Chapter 8, Sections 4 and 5 Andrew Pidhorodeckyj Annie Sell
8.4: Enzymes speed up metabolic reactions by lowering energy barriers • Enzymes are biological catalysts • Catalysts are agents that speed the rate of a reaction but are unchanged by the reaction.
The Activation Energy Barrier • Chemical reactions involve both breaking and forming of chemical bonds. • Energy must be absorbed to make binds unstable enough that they will break. • Energy is released when bonds form and molecules return to stable, lower energy states.
Activation Energy- is the energy that must be absorbed by reactants to reach the unstable transition state, in which the bonds are likely to break, and from which the reaction can proceed. • Is also called free energy of activation • Ea
How Enzymes Lower the Ea Barrier • The Ea Barrier is essential to life. • It prevents the energy-rich macromolecules of the cell from decomposing spontaneously. • For metabolism to proceed in a cell, Ea must be reached. • Heat, a possible source of activation energy in reactions, would be harmful to the cell and speed metabolic reactions.
Enzymes are able to lower activation energy for specific reaction so that metabolism can proceed at cellular temperatures. • Enzymes do not change the free energy change for a reaction.
Substrate Specificity of Enzymes • Protein enzyme are macromolecules with characteristic three-dimensional shapes. • This shape determines the specificity of an enzyme for a particular substrate.
The substrate attaches at the enzyme’s active site. • Active site-a pocket or groove found on the surface of the enzyme that has a shape complementary to the substrate. • The substrate is temporarily bound to its enzyme, forming an enzyme-substrate complex.
Interaction between substrate and active site cause enzymes to change shape slightly, creating what is called an induced fit. • The induced fit enhances the ability of the enzyme to catalyze the chemical reaction.
Catalysis in the Enzyme’s Active Site • The substrate is often held in the active site by hydrogen or ionic bonds. • The side chains (R groups) of some of the surrounding amino acids in the active site facilitate the conversion of substrate to product. • The product the leaves the active site, and the catalytic cycle repeats.
Whether an enzyme catalyzes the forward or backward reaction is influenced by the relative concentrations of reactants and products and the free energy change of the reactants. • Enzymes catalyze reactions moving toward the equilibrium.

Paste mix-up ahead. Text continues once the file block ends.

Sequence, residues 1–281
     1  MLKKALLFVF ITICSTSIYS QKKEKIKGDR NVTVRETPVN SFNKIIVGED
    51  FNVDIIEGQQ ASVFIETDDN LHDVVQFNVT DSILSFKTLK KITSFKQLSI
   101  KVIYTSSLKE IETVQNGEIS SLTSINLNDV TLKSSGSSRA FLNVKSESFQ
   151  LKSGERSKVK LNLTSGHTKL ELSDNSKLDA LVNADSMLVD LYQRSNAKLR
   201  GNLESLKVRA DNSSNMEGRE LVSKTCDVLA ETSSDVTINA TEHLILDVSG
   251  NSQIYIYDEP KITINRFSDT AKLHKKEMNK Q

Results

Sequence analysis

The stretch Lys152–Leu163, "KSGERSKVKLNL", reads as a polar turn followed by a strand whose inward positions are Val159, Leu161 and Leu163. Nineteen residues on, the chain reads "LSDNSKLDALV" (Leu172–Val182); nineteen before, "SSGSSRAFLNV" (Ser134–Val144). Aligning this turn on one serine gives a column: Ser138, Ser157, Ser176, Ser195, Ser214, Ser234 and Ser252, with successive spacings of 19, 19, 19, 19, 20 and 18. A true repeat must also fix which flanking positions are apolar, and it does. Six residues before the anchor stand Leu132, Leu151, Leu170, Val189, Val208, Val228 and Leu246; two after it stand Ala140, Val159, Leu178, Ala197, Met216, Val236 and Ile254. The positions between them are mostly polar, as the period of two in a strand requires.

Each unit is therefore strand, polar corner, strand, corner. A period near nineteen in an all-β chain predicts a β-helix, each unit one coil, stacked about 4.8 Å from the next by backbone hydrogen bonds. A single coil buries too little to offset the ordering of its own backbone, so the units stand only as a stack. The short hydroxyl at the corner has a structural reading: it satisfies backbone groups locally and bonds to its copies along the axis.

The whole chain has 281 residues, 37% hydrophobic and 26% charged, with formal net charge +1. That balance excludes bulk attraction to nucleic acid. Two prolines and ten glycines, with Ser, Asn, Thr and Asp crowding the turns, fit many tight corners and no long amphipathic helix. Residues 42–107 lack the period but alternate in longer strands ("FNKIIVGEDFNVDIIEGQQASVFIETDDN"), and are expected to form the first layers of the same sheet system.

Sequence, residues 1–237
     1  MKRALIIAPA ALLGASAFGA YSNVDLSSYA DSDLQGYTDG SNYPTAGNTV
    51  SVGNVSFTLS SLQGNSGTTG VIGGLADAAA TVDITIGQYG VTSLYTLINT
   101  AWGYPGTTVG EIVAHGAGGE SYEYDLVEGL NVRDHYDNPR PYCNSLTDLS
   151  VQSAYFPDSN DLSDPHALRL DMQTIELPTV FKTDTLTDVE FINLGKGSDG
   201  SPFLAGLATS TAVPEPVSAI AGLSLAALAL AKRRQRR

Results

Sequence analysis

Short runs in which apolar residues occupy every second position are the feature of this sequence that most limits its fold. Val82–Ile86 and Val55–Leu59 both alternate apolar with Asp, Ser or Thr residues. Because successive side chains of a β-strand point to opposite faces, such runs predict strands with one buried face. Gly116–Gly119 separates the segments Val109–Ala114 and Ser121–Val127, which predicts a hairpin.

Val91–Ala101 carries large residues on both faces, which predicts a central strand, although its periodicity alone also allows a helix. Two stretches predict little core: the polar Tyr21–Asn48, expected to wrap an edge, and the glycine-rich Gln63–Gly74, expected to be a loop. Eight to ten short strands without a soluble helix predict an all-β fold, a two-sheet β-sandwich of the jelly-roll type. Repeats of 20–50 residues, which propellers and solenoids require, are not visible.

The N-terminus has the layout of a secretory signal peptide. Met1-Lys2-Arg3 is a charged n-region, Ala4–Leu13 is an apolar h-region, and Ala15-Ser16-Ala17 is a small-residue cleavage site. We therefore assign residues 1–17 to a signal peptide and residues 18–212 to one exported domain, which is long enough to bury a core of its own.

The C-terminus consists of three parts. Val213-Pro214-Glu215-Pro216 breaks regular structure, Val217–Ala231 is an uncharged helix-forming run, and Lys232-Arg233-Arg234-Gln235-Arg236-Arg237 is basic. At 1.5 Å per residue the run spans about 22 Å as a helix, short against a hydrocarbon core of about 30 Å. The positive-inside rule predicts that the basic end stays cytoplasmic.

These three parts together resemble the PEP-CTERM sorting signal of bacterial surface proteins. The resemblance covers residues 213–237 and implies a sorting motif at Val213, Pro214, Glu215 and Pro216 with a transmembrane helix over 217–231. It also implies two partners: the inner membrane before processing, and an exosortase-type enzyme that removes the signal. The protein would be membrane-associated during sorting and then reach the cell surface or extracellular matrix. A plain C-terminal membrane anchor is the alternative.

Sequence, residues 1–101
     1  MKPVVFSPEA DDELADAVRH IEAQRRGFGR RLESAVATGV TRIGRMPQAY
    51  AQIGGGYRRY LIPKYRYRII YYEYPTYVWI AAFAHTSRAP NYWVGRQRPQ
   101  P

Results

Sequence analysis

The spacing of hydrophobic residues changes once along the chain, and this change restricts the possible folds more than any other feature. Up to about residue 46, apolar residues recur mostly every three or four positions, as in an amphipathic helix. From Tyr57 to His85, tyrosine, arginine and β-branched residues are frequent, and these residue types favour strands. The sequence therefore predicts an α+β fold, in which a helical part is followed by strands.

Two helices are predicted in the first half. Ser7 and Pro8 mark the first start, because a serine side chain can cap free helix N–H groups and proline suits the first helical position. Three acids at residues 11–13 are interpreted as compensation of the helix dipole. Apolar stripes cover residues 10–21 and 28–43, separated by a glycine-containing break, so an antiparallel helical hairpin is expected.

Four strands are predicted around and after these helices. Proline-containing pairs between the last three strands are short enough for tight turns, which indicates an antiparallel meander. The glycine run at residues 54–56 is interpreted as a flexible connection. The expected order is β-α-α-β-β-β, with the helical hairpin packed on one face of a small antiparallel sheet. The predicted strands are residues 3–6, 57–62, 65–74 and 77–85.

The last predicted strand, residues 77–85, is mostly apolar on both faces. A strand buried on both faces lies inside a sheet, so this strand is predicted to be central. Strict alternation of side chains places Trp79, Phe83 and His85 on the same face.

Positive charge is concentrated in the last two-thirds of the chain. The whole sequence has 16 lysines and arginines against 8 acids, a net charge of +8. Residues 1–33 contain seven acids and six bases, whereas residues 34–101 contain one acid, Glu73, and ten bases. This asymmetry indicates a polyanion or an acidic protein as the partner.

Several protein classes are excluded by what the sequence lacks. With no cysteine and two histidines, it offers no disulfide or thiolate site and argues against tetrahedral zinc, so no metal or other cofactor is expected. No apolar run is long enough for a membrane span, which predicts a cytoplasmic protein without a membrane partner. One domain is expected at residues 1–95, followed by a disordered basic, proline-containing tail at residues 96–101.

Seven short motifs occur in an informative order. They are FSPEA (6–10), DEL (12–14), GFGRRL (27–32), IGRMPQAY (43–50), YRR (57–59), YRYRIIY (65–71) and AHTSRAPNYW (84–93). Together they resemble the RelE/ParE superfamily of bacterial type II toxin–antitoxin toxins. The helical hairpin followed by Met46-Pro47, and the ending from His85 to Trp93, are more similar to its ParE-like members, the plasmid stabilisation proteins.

Enzymes catalyze reactions involving the joining of two reactants by binding the substrates closely together and properly oriented. • An induced fit can stretch bonds in a substrate molecule and make them easier to break. • An active site may provide a microenvironment that would be necessary for a particular reaction.
The rate of a reaction will increase with increasing substrate concentration up to the point at which all enzyme molecules are saturate with substrate molecules and working at full speed. • Only adding more enzyme molecules will increase the rate o the reaction at that point.
Effects of Local Conditions on Enzyme Activity • The velocity and temperature of an enzyme-catalyzed reaction may increase so much that the hydrogen and ionic bonds are disrupted. • Other interactions that stabilize protein conformation may be disrupted as well. • Each enzyme has an optimal temperature and pH where it is most active. • If the pH is changed, the protein shape and enzyme function may be affected as well.
Effects of Local Conditions on Enzyme Activity (cont.) • Cofactors- small molecules that bind either permanently or reversibly with enzymes and are necessary for enzyme catalytic function. • Can be: • Inorganic (ex. various metal ions) • Organic, called coenzymes • Most vitamins are coenzymes.
Effects of Local Conditions on Enzyme Activity (cont.) • Enzyme inhibitors disrupt the actions of enzymes either: • Reversibly by binding to the enzyme with weak bonds. • Irreversibly by attaching to covalent bonds.
Effects of Local Conditions on Enzyme Activity (cont.) • Competitive inhibitors- compete with substrate for the active site of the enzyme. • Too many substrate molecules will cause this type of inhibition to be overcome. • Noncompetitive inhibitors- do not bind to the active site of the enzyme, therefore changing the enzyme’s conformation and disrupting enzyme action.
Allosteric Regulation of Enzymes • Allosteric regulation- molecules may inhibit or activate enzyme activity when they bind to a site separate from the active site. • An enzyme may be made of two or more polypeptide bonds, each having their own active site. • Where the two subunits join, these enzymes may have binding (allosteric) sites. • The entire unit may waver between two conformational states.
Allosteric Regulation of Enzymes (cont.) • The catalytically active conformation is stabilized by the binding of an activator. • The inactive form of the enzyme is reinforced by the binding of an inhibitor.
Allosteric Regulation of Enzymes (cont.) • Cooperativity- when the induced-fit binding of a substrate molecule to one subunit can change the conformation, making the active sites of all subunits more active. • Feedback inhibition- when the product of a pathway acts as an allosteric inhibitor of an enzyme early in the pathway. • Feedback inhibition commonly regulates metabolic pathways.
Specific Localization of Enzymes within the Cell • To facilitate the sequence of reactions, enzymes may be associated in a multienzyme complex for some steps of a metabolic pathway. • High concentrations of the enzymes and substrates needed for a particular pathway may be contained in specialized cellular compartments.
Specific Localization of Enzymes within the Cell (cont.) • Enzymes often are incorporated into the membranes of cellular components because the cell’s complex internal structures promote metabolic order.